Quick Tip: Automatic Renewals

Contracts oftentimes contain automatic renewal provisions (also called evergreen clauses). Vendors will say that this is for the convenience of the parties since they avoid additional paperwork otherwise needed to renew the agreement after the initial term is up. Typically, the automatic renewal period runs month-to-month allowing both parties greater flexibility to get out of the agreement after the initial term. Sometimes, however, renewal periods can run longer, such a year-to-year.
I usually don't have a problem with year-to-year auto renewals. From the customer standpoint, assuming the agreement doesn't have a provision allowing the seller to raise prices midstream, a one year auto extension should lock in pricing for another year.

Now, here's where a customer needs to be careful: Beware of auto renewals for extended periods (such as year-to-year) in cases where the contract contains a financial commitment, such a additional license and/or maintenance fees, minimum revenue commitments, etc. Auto renewals tied to a financial commitment can lead to unintended (and unbudgeted!) payment obligations. This is particularly troublesome since most customers do not have contract management systems to track critical contract dates - at least not on the buy-side (the revenue side is oftentimes another story).

My best advice for customers is to negotiate for the removal of auto renewals where such renewal will trigger additional payment obligation, and instead, opt for a window in which to extend the agreement or else the agreement expires (or have it go month-to-month instead of year-to-year). Which of these latter two options you go for is a judgment call based on the circumstances.

Tuesday, January 03, 2006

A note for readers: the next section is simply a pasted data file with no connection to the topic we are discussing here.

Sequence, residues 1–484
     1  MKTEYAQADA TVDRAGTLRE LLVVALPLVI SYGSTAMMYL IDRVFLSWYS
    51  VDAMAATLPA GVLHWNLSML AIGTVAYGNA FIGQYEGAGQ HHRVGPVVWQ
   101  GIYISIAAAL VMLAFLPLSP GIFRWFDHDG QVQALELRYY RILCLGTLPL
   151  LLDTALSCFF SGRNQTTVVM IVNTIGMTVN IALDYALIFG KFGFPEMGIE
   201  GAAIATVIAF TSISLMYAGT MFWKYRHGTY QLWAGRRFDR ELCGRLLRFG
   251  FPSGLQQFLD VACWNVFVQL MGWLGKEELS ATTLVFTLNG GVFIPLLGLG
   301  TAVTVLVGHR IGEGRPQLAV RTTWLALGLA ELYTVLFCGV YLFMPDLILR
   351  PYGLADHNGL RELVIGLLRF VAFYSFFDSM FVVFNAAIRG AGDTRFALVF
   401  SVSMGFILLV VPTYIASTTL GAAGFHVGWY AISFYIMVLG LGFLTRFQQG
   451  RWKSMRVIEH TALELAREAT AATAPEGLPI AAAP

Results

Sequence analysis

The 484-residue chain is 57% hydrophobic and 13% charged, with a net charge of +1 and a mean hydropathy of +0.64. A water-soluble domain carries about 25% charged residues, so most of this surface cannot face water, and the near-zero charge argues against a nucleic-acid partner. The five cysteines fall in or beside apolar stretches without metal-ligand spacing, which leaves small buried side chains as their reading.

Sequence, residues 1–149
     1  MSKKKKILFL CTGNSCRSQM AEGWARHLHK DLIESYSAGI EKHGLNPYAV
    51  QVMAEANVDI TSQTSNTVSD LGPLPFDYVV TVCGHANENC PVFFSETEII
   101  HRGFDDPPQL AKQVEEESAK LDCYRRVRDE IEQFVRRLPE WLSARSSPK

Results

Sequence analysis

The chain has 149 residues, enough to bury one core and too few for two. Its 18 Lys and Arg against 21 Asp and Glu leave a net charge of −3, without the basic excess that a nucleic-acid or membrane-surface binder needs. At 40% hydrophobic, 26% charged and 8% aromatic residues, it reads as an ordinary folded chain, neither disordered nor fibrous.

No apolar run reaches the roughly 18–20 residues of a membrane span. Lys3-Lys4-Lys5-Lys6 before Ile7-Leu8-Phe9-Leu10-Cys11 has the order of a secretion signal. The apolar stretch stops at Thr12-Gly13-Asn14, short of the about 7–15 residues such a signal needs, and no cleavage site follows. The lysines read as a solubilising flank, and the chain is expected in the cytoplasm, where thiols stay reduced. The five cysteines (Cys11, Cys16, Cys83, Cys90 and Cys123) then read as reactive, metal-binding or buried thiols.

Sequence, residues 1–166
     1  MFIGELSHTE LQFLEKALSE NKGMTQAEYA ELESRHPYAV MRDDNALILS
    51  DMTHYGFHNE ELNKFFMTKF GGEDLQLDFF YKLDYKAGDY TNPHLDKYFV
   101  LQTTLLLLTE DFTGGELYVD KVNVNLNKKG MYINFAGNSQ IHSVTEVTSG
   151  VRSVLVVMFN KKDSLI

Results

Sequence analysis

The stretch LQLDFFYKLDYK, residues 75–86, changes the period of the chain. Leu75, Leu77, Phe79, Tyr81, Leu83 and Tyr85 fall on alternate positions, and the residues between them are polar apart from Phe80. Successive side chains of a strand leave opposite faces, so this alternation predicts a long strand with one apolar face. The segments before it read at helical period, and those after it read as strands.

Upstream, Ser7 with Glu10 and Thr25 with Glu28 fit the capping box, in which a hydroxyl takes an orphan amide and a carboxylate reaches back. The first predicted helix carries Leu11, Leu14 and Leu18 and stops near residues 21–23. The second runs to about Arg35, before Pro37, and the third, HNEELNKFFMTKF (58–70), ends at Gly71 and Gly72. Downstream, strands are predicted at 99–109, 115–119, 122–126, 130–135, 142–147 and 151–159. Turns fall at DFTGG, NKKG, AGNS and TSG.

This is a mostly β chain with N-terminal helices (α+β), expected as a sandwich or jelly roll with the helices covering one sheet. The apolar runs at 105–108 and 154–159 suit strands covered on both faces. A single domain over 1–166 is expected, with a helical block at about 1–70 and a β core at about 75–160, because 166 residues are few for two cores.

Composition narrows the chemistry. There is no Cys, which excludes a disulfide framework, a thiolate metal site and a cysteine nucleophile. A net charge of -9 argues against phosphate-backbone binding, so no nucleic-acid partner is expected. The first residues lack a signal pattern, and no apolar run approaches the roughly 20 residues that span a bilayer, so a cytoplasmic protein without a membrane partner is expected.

Strategic Sourcing Quick Hits

If you work for a company that fits the following profile, and you're in a position to influence your company's vendor contracts, this post will show you an easy way to be a hero.

The classic company profile is a small-to-medium sized company (from, say, a few hundred to a thousand or so employees) that has experienced rapid growth over the last few years. This same company has not yet hired a person to act as a purchasing/procurement/sourcing whatever professional whose job it is to squeeze money out of vendors among other things. If your company fits this profile and your in a position to take advantage of this tip, then do this:

1. Pull all your current telecom contracts
2. If you have multifunctional printers, pull these contracts

There is probably a lot more savings opportunity out there in other vendor categories but these two are almost guaranteed if you discover that these contracts are nearing 2 years old or more. At one company, I discovered that the long-distance contract was 4 years old and renewing month-to-month. I placed this out for bid to 3 vendors, and a month later we signed a deal that would save us over $100,000. I did the same with our printers and lowered our monthly printer lease payments by 2/3. It was easy; all you have to do is let the market work. Smaller companies aren't very sophisticated in how to work their vendors and usually are clueless to that fact that they're getting taken advantage of.

As I said, these are just 2 examples. I'll talk more about this in later posts.

Tricky Assignments Clause

Check out this clause contained in a Big Wireless Telco contract:

"Neither party may assign this Agreement without the written consent of the other party except that this Agreement may be assigned without consent to an Affiliate and to an entity acquiring substantially all of the assignor's business."

A mutual non-assignments clause requiring written consent of both parties is standard in most commercial agreements. It's also common to see carve-outs for assignments to affiliates (usually defined as entities:

(i) controlling the contracting entity;
(ii) controlled by the contracting entity; or
(iii) under common control with the contracting entity

"Control" in this context is oftentimes defined ownership of more than 50% of the affiliate's outstanding voting shares or substantially all of the affiliate's assets).

The main point of non-assignment clauses is to control who you're doing business with. If you select party X, you don't want to later find that you're now with party Z that you know nothing about. In the case of Big Wireless Telco, "party z" didn't have adequate cell tower coverage in areas where the customer's footprint was concentrated. Despite the potential problems of unfettered assignment rights, parties are usually willing to allow assignments to affiliates without consent because the agreement is still "in the family" and it would be unreasonable to restrict a company's ability to reorganize itself.